Franz Ferdinand, Princes Street Gardens, Edinburgh
Scots prove you can have it so much better second time around
Wednesday 31 August 2005
Franz Ferdinand's lead singer is referring to his band's planned appearance at Edinburgh's annual Hogmanay party of New Year 2003/04, a date which found itself cancelled amidst torrential rain and saw the band playing in a friend's living-room up the road instead. Of course, that was back when a handful of Scottish scenesters and music industry trendspotters knew who they were. Should they try that today, 5,000 people would be behind them ringing the buzzer.
No more than a matter of weeks after that night their second single, "Take Me Out", had broken them as a national top-three charting band, and the rest - like their namesake Archduke Ferdinand himself - is history. So it's fitting, perhaps, that they finally get to play Princes Street Gardens as the first stage of the next chapter in their thus far meteoric career.
It's fair to say that whoever has guided Franz Ferdinand's hand this far has an uncanny knack for timing. Or perhaps it's Kapranos, McCarthy, Hardy and Thomson - with their finely honed pop musical sensibilities - who knew just how much to milk the eponymous first album in terms of single releases and live tours so that it became over-familiar but not boring. So the forthcoming You Can Have It So Much Better ... With Franz Ferdinand is a big deal to those who care about such things. Those who believe, that is, that pop music still has every right to hark back to a golden era when personality, longevity and true heartfelt excitement mattered at least as much as the current graveyard of commercial imperatives.
The Franz camp have already fired their warning shot, and it's made everyone sit up and take notice. Yet the placing of the comeback single "Do You Want To" amid this striking return to the live arena signalled a clear statement of intent. Around two thirds of the way through the show the band's up until now definitive anthem, "Take Me Out", was played, and everyone thronging the grassy hill before the stage - and probably those listening on Princes Street above - went predictably crazy.
Directly after that, with not a word from Kapranos and barely a beat skipped, came "Do You Want Me" - the continuing and frenzied reaction from the crowd speaking volumes of their approval.
Elsewhere, Franz Ferdinand - for the first time playing before a live video projection, in artful monochrome of course - seemed to have taken their ever-present Germanic influences one step further. Not only do the shirted, suited quartet look like Hamburg-era Beatles, but "What You Get" is a more angular ringer for the sound. It's not all about reinvention, however - "I'm Your Villain" sits alongside "Michael", "Darts of Pleasure" and "This Fire" as an update of New Wave classicism. Just like Talking Heads, Gang of Four, the Fire Engines ... but refreshing in their Modernist reappraisals.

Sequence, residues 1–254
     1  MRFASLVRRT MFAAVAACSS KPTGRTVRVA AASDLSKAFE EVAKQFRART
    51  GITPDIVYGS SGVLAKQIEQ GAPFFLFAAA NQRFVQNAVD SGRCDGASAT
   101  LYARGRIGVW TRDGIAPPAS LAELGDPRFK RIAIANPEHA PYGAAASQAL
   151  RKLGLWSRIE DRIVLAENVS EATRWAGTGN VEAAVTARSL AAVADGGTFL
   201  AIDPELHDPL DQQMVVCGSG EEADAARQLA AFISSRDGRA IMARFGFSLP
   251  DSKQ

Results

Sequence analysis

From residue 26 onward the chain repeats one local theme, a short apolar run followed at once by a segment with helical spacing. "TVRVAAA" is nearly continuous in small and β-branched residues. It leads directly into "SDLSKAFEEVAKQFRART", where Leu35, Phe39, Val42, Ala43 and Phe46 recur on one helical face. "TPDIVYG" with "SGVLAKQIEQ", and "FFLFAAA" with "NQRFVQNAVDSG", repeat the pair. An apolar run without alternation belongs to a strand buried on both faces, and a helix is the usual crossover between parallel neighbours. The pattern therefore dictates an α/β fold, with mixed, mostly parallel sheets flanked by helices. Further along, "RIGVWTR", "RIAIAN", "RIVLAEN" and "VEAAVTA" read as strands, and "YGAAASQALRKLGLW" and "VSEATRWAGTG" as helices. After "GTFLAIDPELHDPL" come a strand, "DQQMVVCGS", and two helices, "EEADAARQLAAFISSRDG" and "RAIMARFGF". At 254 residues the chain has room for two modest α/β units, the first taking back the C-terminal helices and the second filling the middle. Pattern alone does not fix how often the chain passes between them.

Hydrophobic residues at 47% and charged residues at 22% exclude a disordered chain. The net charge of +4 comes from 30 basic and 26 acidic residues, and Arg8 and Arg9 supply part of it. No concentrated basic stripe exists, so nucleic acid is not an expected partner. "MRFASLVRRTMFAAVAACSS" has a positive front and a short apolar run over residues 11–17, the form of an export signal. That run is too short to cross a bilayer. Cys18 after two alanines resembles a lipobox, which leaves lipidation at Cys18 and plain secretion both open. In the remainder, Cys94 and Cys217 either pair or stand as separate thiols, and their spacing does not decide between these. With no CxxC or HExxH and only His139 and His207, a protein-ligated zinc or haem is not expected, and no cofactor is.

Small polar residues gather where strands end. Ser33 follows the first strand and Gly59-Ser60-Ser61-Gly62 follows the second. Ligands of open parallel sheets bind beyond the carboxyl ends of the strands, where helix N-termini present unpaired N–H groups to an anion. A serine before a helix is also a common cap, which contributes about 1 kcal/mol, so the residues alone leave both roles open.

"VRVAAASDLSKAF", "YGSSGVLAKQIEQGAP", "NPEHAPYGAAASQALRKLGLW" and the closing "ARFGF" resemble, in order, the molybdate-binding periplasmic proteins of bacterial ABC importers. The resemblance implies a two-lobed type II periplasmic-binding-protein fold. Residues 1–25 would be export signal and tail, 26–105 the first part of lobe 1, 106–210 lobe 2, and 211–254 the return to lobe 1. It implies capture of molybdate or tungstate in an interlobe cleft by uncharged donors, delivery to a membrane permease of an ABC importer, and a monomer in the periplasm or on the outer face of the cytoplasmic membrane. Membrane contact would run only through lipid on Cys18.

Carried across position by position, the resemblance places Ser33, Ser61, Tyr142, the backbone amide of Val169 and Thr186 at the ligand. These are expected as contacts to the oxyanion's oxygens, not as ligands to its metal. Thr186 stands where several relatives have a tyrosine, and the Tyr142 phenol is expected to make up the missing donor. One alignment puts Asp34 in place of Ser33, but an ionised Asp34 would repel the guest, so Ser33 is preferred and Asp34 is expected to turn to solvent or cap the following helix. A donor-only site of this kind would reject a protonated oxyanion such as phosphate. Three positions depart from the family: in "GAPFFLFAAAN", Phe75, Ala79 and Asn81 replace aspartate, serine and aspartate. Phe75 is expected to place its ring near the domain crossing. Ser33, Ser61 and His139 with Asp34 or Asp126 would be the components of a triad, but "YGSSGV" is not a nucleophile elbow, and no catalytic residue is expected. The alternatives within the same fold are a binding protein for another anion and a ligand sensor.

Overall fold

The second round begins here. And already Franz Ferdinand are winning on points.
GlastonburyWI to make debut appearance at Somerset festival
TV reviewIt has taken seven episodes for Game of Thrones season five to hit its stride
FilmPalme d'Or goes to radical and astonishing film that turns conventional thinking about immigrants on its head
Potter's attempt to create an Essex Taj Mahal was a lovely treattv
Arts & Ents blogs
- 1 Cyclist who knocked down three-year-old girl says his life has been 'destroyed'
- 2 Chelsea victory parade: Chelsea mocked on Twitter as 'tens of fans' pack the streets of London
- 3 US warned by Chinese media to stop meddling or 'war will be inevitable'
- 4 Woman, 21, dies after taking contraceptive pill that 'caused fatal blood clot'
- 5 Isis burns woman alive for refusing to engage in 'extreme' sex act, UN says
Stolen Instagram photo sells for $90,000
The New York Times sparks criticism after releasing an all-white reading list
Glastonbury lineup 2015: The Women's Institute to make debut appearance at Somerset festival
Dheepan, film review: Palme d'Or prize goes to radical and astonishing film that turns conventional thinking about immigrants on its head
Game of Thrones, The Gift, Season 5, Episode 7: Why two of the show’s most iconic characters just met
As a white man, I'm surprised more women aren't tweeting the hashtag #KillAllWhiteMen
Scotland may have to leave the EU even if it votes to stay in, David Cameron confirms
The day that Britain resigned as a global power
SNP fury as HS2 finds 'no business case' for taking fast train service to Scotland
EU referendum: David Cameron's rules are a 'democratic disgrace', says French-born Scottish politician set to be denied a vote
A nation of inequality: How the UK is failing to feed its most vulnerable people